The department tested patrol vehicles from each of the Detroit 3, including Ford's Police Interceptor sedan and utility, Chrysler's Dodge Charger Pursuit, and General Motors' Chevy Caprice PPV and Tahoe SUV. The Chevy Impala wasn't evaluated.

"All of the vehicles were an improvement from the current CVPIs," Turner added. "However, when we received feedback from EVOC, as well as the officers who tested the vehicles, the answer was clear. This vehicle had the best handling and the best technology available of any of the competitors."

The LVMPD EVOC unit put the contenders through their paces, testing how they handled in the desert heat, urban Las Vegas Strip, and rural areas such as Red Rock Canyon and Mt. Charleston.

"Officer safety drove the decision more than anything," said Turner. "We wanted a vehicle with anti-lock brakes and stability control that was pursuit rated."

The agency expects to roll out their first batch (45 marked units) of Ford P.I. Utility vehicles in June and fully replace CVPIs within six years. Turners' fleet management unit must first add emergency equipment to the new vehicles. The evolution of technology with the new era of vehicles will smooth this process, said Dan Jackson, fleet operations supervisor.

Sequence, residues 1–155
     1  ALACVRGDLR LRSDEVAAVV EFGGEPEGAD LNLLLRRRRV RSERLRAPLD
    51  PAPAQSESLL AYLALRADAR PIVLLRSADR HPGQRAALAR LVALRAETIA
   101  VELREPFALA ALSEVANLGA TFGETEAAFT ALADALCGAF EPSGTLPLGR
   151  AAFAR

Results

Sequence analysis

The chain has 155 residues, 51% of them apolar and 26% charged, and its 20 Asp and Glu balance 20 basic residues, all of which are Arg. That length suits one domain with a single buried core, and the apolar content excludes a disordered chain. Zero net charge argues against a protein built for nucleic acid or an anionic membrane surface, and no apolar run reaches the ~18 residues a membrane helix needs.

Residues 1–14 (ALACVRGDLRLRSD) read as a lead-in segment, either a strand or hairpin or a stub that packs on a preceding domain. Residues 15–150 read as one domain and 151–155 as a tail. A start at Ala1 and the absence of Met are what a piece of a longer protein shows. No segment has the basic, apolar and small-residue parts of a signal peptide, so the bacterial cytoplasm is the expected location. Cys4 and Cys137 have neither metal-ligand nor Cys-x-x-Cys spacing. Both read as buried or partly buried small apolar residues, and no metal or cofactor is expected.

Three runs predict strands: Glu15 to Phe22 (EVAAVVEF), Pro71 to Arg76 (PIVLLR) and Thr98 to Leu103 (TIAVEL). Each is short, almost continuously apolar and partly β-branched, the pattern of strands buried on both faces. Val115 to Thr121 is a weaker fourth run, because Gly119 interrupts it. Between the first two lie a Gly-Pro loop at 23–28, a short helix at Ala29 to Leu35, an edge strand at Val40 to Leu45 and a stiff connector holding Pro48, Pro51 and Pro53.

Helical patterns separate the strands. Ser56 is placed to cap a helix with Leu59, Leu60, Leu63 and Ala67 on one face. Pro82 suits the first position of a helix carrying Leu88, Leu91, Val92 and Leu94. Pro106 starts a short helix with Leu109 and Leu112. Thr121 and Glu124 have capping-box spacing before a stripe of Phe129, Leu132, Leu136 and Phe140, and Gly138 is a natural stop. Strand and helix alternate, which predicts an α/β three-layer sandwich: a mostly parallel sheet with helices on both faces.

"When we initially rolled out the CVPIs, everything was still incandescent or strobe lights," Jackson said. "With newer LEDs, it gives you the ability to add more lights with less power." LVMPD will use Federal Signal's Vision SLR lightbar paired with emergency lighting mounted in the push bumper. Additional technical advances could include in-car video systems and back-up sensors. Very little of the equipment from the Ford CVPI's will be added to the new vehicles.